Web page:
One of my favorite things to do in the classroom was to find ways students could somehow learn from people in other parts of the world, whether it was peer to peer, or speaking with experts in various fields. In fact, I have a presentation I offer on this to schools. With Skype in the Classroom no longer available (see my update on this post for more info), I have been on the lookout for other ways to “flatten the classroom”, so I thought I would mention a few today that are in the process of accepting more participants now that we are in January, 2021.
Humans of New York: Global Student Writing Project – Based on the Humans of New York photoblog by Brandon Stanton, this project has been adapted for students by Kelly Hilton (@KellyiHilton), Holly Clark (@HollyClarkEdu), and Tanya Avrith (@TanyaAvrith). I am not sure about sign-up deadlines, but I believe I saw somewhere that it is currently open.
ScratchPals – The next round begins February 1st, 2021, so sign up here if you want to be involved in this global collaboration using the free Scratch coding site.
Virtual Valentines – This site will be updated very soon for the 2021 school year. My class participated in this in 2018, and really enjoyed it. One of the nice aspects of this project is that you can choose your level of participation.
Whether you decide to join one of these projects, one that isn’t listed, or even start one of your own, you can find a great video to help your students understand the value of global collaboration here.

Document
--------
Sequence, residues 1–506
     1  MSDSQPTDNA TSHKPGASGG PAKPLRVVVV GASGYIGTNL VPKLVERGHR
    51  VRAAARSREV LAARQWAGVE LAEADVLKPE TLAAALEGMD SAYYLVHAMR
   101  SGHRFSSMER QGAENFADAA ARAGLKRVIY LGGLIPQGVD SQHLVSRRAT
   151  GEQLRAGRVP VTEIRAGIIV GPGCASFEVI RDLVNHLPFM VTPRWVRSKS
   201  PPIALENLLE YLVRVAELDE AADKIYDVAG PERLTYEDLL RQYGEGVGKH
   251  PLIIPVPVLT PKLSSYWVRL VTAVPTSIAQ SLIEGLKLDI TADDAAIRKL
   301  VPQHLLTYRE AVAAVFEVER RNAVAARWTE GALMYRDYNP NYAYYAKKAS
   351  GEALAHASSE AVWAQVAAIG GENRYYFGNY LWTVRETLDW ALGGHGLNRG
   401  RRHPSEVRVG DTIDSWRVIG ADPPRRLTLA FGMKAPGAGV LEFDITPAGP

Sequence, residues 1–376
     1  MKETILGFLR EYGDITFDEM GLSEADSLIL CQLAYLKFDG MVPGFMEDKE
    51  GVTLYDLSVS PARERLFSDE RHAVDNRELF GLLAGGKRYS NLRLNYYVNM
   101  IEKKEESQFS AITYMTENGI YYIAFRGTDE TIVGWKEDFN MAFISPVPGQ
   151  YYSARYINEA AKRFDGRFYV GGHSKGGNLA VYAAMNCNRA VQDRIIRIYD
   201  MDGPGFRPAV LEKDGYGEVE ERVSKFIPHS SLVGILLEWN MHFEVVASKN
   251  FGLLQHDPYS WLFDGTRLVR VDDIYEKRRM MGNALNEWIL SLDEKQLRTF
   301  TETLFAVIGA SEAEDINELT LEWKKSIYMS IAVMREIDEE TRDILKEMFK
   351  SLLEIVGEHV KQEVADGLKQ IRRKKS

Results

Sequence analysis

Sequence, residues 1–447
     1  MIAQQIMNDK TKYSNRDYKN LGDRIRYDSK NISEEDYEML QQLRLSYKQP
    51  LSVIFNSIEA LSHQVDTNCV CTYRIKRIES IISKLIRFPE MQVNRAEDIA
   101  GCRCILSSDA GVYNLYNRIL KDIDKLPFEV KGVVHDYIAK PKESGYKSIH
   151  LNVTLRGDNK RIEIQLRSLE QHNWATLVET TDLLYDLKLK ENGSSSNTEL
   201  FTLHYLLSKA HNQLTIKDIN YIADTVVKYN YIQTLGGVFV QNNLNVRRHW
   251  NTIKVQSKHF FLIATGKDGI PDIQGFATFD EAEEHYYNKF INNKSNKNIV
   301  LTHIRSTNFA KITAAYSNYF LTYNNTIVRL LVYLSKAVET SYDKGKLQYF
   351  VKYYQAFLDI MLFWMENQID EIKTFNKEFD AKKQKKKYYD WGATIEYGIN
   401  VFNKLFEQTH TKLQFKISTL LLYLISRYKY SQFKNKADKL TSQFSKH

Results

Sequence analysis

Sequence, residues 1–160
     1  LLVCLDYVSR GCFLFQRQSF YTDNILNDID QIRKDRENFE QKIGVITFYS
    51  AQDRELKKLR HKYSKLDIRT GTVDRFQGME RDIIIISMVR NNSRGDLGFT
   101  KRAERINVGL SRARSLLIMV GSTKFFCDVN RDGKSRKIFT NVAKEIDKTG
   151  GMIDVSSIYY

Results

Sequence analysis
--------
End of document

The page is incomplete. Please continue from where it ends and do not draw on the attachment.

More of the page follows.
In my latest blog post for NEO, I give ideas for games to play in class that are based on ones found on some of your favorite talk show. The post, “Let’s Talk a Good Game: Mining Talk Shows for Classroom Engagement Ideas,” includes popular examples from daytime and nighttime hosts like Ellen DeGeneres and Jimmy Fallon. There are suggestions for how to tweak them to use with your curriculum, and they can be adapted for virtual or face to face classes. I even included a Google Slides Template for one of the games. This was a super fun post to write (especially as I hunted for video links to use for reference), and I hope that it will help you to generate some unique ways to introduce, review, and assess learning.
I first mentioned Donna Lasher’s website, Big Ideas for Little Scholars, last January. Since that post, she has added so much more to this incredible resource, so I thought it would be good to revisit it. If you teach gifted and talented and/or advanced elementary or middle school students, Donna’s site should be your number one bookmarked page in your browser. It is incredibly thorough and very well-organized. For example, she has a page of academic and creative contests organized by categories, as well as a link to a page where they are grouped by months they begin. If you are looking for seasonal and holiday lessons, Donna (@bdlasher) has another page for these in chronological order.
With lesson ideas, teaching materials, books, and websites all organized by grade level bands, Big Ideas for Little Scholars makes it simple for teachers and parents to access innumerable resources for children who are craving more challenges in any subject area. In addition, you can visit Donna’s “About” page to learn how you can get invited to access and contribute to a Google Team Drive for teachers of gifted students.
I love to read Donna’s blog posts, and I always look forward to receiving her newsletter in my Inbox. If you feel like you’re in a rut (okay – I realize many of you wish you could get in a rut right now), want to find a fresh way to teach something, or desire ideas to make a topic more engaging, Big Ideas for Little Scholars should be the first place you look.